Oil market primed for inventory surprises

Smile more than you cry, give more than you take, and love more than you hate.

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Oil prices remain relatively range bound since the third week of October. The spot WTI contract has traded between $84/bbl to $88/bbl for the last 17 trading sessions. Similarly the spot Brent contract has been trading in a range of $105/bbl to about $112/bbl over the same timeframe. Volatility has been relatively low compared to most of 2012 even in an environment with major uncertainty coming from the major economies of the world.

From a fundamental perspective yesterday's IEA monthly oil report was just another monthly reminder that global oil demand is continuing to wane as supply is continuing to grow. The balances have been biased to the bearish side and are likely to remain biased to the bearish side barring any unforeseen geopolitical event arising in the Middle East. There have been some early signs of an increase in imports into China but it is not clear to me whether that is due to an increase in demand or partially a continuation to fill their SPR. With China's two largest export markets — Europe and the U.S. — both struggling it is hard to see any major growth spurt in Chinese oil consumption from a manufacturing perspective.

Europe (China's number one export market) does not seem to be any closer to putting their four year old sovereign debt issues into the background permanently. Just today Spanish and Portuguese workers are holding their first joint general strike while unions in Greece, Italy, France and Belgium are also holding work stoppages as part of a "European Day of Action and Solidarity" (as reported by Reuters). It certainly does not look like stability between the populace and the governments in the EU is coming anytime soon.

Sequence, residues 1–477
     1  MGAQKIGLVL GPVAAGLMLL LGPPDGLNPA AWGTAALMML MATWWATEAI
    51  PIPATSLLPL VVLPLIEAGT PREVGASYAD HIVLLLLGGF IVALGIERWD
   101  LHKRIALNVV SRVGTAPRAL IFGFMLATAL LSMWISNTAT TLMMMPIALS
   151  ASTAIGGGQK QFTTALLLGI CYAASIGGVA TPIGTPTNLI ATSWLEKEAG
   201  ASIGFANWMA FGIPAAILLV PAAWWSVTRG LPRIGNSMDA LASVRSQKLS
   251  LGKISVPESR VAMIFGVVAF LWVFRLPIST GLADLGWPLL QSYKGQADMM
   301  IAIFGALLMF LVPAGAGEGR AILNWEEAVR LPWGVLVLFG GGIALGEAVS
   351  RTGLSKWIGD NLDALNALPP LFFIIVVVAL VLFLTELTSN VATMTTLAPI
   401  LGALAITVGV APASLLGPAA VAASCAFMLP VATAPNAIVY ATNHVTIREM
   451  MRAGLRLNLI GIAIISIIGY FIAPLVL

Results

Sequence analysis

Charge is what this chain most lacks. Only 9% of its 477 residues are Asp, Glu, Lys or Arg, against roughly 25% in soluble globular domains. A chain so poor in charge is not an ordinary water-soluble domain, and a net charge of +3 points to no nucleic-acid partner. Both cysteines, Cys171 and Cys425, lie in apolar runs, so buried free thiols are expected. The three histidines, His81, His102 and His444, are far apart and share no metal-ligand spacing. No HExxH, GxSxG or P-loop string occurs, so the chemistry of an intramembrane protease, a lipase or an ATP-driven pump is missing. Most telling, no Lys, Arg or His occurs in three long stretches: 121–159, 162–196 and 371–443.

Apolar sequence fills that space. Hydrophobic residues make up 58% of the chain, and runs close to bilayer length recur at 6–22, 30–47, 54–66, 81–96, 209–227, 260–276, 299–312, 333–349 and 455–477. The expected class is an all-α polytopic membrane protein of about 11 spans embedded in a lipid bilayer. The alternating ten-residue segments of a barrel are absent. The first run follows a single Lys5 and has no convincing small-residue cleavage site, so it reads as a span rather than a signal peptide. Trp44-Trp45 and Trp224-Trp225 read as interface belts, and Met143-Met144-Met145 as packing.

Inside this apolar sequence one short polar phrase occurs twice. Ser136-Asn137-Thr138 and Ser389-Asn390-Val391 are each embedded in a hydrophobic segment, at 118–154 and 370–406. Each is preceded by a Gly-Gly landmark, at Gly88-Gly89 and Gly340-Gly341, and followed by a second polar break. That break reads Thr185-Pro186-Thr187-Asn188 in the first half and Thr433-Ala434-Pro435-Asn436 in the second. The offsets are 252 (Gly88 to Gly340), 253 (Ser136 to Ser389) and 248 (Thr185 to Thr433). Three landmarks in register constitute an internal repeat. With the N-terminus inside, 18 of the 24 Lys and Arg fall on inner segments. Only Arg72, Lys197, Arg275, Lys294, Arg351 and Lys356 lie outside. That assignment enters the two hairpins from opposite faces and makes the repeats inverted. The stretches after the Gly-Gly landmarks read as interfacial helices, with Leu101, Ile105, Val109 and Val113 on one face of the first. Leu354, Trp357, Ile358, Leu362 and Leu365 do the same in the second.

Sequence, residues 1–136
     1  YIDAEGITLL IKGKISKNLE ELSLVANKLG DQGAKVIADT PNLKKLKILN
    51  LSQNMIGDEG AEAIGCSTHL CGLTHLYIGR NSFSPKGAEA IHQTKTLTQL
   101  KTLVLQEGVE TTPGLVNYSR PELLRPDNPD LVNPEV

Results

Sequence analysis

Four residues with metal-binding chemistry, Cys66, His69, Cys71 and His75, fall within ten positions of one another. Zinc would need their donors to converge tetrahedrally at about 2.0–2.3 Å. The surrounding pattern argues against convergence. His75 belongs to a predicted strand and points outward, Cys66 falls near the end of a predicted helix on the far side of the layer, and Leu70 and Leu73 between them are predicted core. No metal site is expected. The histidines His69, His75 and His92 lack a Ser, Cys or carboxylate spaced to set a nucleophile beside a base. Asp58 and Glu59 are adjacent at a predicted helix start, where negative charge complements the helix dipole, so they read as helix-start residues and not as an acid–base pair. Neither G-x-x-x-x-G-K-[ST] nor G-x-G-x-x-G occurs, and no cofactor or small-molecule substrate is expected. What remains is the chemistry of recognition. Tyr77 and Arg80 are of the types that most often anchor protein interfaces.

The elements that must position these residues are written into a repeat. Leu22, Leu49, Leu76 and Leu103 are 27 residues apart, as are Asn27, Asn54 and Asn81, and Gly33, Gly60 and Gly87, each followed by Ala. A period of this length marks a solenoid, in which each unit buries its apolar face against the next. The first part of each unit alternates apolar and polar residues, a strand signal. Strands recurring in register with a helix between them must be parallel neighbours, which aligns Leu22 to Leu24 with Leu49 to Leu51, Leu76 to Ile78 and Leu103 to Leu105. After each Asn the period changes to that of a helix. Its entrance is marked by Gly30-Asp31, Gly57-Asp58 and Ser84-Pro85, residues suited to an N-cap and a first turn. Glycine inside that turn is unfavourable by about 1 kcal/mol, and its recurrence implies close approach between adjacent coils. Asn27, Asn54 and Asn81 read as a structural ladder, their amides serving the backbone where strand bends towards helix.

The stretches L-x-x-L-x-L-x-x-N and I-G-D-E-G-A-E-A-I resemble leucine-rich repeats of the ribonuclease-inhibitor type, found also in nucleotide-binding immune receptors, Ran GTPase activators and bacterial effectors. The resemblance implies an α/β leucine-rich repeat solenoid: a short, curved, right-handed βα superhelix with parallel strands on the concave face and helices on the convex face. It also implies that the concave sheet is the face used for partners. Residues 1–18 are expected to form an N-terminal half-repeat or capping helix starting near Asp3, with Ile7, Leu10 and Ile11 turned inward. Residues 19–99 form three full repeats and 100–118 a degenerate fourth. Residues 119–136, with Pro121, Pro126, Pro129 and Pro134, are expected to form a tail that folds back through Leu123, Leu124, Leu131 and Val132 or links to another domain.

This has been festering for about four years with the governments trying to solve their debt issues with spending cuts in a region where government spending has hardly been challenged in the past. Austerity in Europe is helping the debt problems but it is not doing much for the faltering economy nor for the protesting populace who have been accustomed to a plethora of social programs in Europe. A dilemma that does not look like it will go away anytime soon and thus a likelihood that the EU economy will continue to falter and have a negative impact on oil demand growth.

In the U.S., the confidence level in the politicians (including the President ) to solve the so called fiscal cliff before the end of the year is not very high. The first meeting between the re-elected President and the Congress will occur on Friday. Both sides have sort of blinked indicating that they might compromise on a solution involving both tax increases and spending cuts. This uncertainty along with the uncertainty coming from social programs like the implementation of Obamacare are keeping many companies on the hiring sidelines and thus the lingering unemployment situation does not look like it will be solved anytime soon. Net result is that the US economy is also faltering as evidenced by the macroeconomic data as well as the performance of the equity markets over the last several months.

I am still of the view that the fiscal cliff will be avoided and President Obama and the Congress will drill down to a deal over the next several weeks. I do not think the President will want to start his next and last term in office (or what many refer to as a President's legacy term in office) with what would likely be another recession if the fiscal cliff hits (based on the projections of many economists). He is never going to run for office again and will likely be much more willing to negotiate a deal.

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